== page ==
Nearly 250 people from across the diocese gathered for the 148th Synod of the Diocese of Niagara with theme “God Church for God’s Mission.”
The Synod of the Diocese of Niagara is an annual meeting in which elected parish delegates, both clergy and lay, and other representatives discern together on mission and ministry in the Diocese of Niagara, which normally includes financial updates, changes to canons and policies, and the governance of the diocese. This year, Synod was convened online for the evening of November 4 and in-person during the day of November 5, at the Burlington Convention Centre.
Bishop Susan Bell delivered her charge to Synod, encouraging Synod members to “cast their anxieties on God” and that as people of faith “we expect God to act.” In her charge, Bishop Bell addressed the challenges of this present time, including the slow growth of attendance as parishes return to in-person worship, and the lower-than-expected revenues forecast for 2023, both at the diocesan level and in individual parishes. At the same time, the bishop pointed to several new ways at which God is at work through the diocesan Mission Action Plan, such as the Niagara School for Missional Leadership. “In this liminal space of discontinuous change – in this time of great anxiety and anguish for the future of our Church, we have been working carefully, intentionally, expectantly and following our MAP through the present and on into the future.”
Synod members also heard presentations about God’s flourishing mission in a variety of contexts: Susie Kim, a missioner in Hamilton, spoke about the importance of being known in neighborhoods, encouraging all Christians to be visibly present, and in relationship with those in their communities. The diocesan Anti-Racism Working Group, led by Naomi Kabugi, spoke about the upcoming launch of diocese’s Anti-Racism Curriculum, featuring six sessions. Renée Anderson and Brian Galligan invited members of Synod to the join Niagara-Huron Cursillo movement, a ministry which helps Christians explore and live the fundamentals of being Christian. Sharon Miller, director of Canterbury Hills Camp, shared stories about a vibrant season of ministry over the summer months and what is in store in the coming year.
Sue Carson spoke about the urgency of action on the climate crisis and the important work of Climate Justice Niagara. She noted that 14 churches are in the process of conducting walk-through energy audits, with an aim to reduce greenhouse gas emissions by 10 per cent in five years. This initiative has become a national endeavour under the banner, Net Zero Churches.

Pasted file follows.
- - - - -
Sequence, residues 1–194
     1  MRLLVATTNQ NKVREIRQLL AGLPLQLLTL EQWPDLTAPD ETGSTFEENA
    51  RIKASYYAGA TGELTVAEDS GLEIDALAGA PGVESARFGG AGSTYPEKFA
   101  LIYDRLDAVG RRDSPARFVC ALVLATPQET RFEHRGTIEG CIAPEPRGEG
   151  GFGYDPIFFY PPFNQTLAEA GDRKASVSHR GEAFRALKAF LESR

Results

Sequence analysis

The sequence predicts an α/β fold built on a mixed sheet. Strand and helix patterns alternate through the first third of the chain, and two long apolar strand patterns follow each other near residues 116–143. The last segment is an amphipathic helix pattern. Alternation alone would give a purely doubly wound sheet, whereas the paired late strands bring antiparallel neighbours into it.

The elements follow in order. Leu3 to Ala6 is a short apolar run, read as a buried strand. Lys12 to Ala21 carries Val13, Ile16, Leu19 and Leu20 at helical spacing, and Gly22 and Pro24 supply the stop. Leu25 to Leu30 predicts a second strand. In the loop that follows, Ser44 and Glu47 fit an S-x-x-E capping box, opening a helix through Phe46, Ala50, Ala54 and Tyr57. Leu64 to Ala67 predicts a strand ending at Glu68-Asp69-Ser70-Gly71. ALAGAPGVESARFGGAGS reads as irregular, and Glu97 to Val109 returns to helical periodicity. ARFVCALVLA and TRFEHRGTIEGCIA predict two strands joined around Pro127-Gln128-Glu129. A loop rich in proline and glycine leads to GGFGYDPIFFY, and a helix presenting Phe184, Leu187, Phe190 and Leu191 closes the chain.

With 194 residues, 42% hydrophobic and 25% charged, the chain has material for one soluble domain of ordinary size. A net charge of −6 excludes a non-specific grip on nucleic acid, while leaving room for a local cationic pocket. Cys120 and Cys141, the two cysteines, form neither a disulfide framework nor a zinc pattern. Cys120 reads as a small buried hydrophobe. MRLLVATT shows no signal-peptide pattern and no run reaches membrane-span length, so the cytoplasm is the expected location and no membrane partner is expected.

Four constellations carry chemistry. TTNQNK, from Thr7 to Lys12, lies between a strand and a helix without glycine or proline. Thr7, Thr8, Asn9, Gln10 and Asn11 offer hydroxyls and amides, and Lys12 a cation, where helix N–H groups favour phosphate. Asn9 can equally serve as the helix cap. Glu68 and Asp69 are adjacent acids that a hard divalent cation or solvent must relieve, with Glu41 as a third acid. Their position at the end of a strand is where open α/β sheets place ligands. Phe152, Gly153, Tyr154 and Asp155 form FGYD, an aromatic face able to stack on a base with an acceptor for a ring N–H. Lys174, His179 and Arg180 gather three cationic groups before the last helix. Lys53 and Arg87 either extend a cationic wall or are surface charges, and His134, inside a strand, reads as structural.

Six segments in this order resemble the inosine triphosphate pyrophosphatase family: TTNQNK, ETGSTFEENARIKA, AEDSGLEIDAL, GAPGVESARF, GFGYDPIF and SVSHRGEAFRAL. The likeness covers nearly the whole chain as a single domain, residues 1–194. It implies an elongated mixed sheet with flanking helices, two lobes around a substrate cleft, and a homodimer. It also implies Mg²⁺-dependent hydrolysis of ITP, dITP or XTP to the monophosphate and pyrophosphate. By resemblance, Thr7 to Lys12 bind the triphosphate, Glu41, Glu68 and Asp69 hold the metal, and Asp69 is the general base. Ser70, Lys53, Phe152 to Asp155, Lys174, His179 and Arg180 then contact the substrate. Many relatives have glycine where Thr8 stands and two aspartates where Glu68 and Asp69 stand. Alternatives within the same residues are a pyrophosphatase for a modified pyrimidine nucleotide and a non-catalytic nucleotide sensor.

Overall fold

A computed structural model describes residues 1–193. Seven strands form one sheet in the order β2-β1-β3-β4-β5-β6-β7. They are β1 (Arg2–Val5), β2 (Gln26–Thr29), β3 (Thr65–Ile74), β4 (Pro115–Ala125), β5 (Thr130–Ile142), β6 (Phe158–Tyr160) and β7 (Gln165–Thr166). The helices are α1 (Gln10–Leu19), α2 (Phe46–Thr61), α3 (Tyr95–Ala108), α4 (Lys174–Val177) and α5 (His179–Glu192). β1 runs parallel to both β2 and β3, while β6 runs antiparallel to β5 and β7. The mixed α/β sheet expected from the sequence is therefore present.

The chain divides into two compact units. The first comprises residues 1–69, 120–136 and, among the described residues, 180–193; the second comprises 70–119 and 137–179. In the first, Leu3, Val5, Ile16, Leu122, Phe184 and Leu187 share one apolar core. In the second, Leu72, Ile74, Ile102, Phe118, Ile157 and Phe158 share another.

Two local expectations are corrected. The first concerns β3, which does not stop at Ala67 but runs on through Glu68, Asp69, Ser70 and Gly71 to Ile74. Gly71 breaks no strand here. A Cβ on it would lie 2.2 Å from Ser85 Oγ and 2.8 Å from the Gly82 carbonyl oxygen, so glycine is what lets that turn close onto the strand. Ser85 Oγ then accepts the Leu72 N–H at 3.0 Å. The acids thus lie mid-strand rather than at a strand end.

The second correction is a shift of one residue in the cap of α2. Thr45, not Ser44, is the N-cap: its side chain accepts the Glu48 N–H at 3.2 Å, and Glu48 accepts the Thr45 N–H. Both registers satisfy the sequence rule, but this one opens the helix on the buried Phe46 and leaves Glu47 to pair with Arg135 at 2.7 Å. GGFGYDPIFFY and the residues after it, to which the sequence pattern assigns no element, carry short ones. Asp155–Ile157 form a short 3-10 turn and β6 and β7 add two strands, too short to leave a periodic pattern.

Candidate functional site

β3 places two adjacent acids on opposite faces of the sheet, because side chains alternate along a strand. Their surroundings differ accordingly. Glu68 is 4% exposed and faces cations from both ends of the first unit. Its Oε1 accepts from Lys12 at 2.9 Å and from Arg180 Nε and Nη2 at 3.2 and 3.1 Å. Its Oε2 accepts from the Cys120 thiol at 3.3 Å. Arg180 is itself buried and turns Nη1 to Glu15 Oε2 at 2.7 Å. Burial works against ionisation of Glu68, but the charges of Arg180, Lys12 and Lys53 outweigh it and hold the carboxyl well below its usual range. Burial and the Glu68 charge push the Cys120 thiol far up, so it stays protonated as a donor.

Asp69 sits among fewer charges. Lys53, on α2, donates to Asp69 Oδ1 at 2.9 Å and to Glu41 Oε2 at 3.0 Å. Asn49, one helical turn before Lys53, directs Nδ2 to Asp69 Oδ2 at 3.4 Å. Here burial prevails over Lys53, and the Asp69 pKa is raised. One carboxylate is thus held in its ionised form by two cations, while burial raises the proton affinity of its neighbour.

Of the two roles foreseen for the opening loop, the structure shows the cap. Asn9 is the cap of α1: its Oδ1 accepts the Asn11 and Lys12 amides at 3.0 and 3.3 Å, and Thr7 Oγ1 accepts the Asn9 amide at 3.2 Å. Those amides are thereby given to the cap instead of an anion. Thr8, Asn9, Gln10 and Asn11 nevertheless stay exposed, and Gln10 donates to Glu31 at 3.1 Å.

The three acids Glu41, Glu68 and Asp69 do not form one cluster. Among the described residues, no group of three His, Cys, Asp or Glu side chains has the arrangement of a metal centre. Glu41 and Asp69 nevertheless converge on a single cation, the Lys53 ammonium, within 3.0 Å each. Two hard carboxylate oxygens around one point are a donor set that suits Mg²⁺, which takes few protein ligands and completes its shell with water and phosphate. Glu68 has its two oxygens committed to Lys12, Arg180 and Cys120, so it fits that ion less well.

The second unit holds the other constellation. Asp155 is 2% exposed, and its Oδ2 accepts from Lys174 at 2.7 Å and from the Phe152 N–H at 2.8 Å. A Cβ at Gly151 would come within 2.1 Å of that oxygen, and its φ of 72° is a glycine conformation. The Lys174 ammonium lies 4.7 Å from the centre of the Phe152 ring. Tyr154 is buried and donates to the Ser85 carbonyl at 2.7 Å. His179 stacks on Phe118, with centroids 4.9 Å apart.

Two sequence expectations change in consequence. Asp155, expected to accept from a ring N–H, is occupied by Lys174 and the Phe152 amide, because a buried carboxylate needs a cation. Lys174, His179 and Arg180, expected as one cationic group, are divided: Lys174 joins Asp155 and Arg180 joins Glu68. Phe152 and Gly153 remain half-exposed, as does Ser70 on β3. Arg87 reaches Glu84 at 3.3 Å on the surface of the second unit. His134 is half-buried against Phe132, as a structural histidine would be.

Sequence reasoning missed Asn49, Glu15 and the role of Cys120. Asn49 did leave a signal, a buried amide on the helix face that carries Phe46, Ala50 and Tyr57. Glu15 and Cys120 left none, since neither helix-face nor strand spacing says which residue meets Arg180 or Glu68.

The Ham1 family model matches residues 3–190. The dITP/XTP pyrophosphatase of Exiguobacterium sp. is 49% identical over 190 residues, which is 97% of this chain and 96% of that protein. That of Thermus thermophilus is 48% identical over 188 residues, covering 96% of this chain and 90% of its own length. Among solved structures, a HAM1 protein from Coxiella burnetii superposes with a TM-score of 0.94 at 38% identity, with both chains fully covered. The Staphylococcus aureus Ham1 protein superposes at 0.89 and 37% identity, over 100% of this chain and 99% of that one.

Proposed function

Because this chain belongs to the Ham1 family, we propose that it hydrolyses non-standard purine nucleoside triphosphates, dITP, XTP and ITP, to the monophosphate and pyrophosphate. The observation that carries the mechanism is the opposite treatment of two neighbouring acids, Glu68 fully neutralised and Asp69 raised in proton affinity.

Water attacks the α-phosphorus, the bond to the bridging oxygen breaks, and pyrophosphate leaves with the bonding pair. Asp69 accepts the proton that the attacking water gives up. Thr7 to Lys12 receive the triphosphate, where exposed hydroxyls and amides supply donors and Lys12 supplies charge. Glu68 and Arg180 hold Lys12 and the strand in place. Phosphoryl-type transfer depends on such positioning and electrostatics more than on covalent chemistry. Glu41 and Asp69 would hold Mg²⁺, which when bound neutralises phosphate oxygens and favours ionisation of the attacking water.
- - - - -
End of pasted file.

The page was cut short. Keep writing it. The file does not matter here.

Synod members also heard from Canon Christyn Perkons, director of congregational support and development, and Emily Hill, parish development missioner, who spoke about the Mission Action Plans for both the diocese as well as parishes. At the end of the presentation, Bishop Susan Bell took a moment to laud Canon Perkon’s 20 years of “faithful and extraordinary ministry” in Niagara as she prepares to retire in the new year; Synod members responded with a standing ovation.
This year, the Synod of the Diocese of Niagara hosted Archbishop Anne Germond, metropolitan of the Ecclesiastical Province of Ontario. She brought greetings to the Synod on Friday evening in which she encouraged the Diocese of Niagara to remember the “long and varied history and vital place” the diocese holds in the wider Church.
Speaking about the Niagara School for Missional Leadership, the archbishop reflected on the growing and important role within other dioceses. “Its impact is further reaching, extending to the dioceses of Algoma and Moosonee with lay and ordained registered and participating in it,” said Archbishop Germond.
On Saturday afternoon, in one of the highlights of the Synod, Archbishop Germond and Bishop Bell reflected together on their shared experience at the recent Lambeth conference, a gathering of Anglican Bishops from around the globe, which recently met over the summer.
Archbishop Germond encouraged members to remember that “you as a diocese are a gift to our Church,” through the leadership of Bishop Susan Bell, the countless gifted clergy and lay who “are all doing their part to build up the body of Christ.” Even the very geography of the Diocese of Niagara, Archbishop Germond urged, was a gift, including the resources available as a result.
Towards the end of Synod, members passed the 2023 diocesan budget, representing an investment of 3.6 million dollars in ministry. Nearly 80 per cent of parishes assessed using the three-year rolling average for their Diocesan Mission and Ministry (DMM) contributions will see a reduction in their 2023 DMM compared to 2022. An incentive for parishes completing their parish Mission Action Plan will also continue to support parishes to bring new missional initiatives to life.
Synod elected the following members to the roles of regional representatives to Synod Council: Patricia Davis (Brock), Anne Gould (Greater Wellington), Bev Groombridge (Hamilton-Haldimand), and Byron Nicholson (Lincoln). Additionally, Synod elected Fran Wallace and Canon Sue-Ann Ward (clergy), and David Montgomery (lay) as representatives from the Diocese of Niagara to the Corporation of Trinity College, for a two-year term.
After giving her assent to the actions of the Synod, Bishop Bell gave thanks for all who contributed to making it a Spirit-filled gathering, especially members of Synod to who she reiterated words of gratitude from her charge, “I thank God for all of you constantly. Your service, your commitment, and your presence as the Church is what it’s all about… You are beloved.”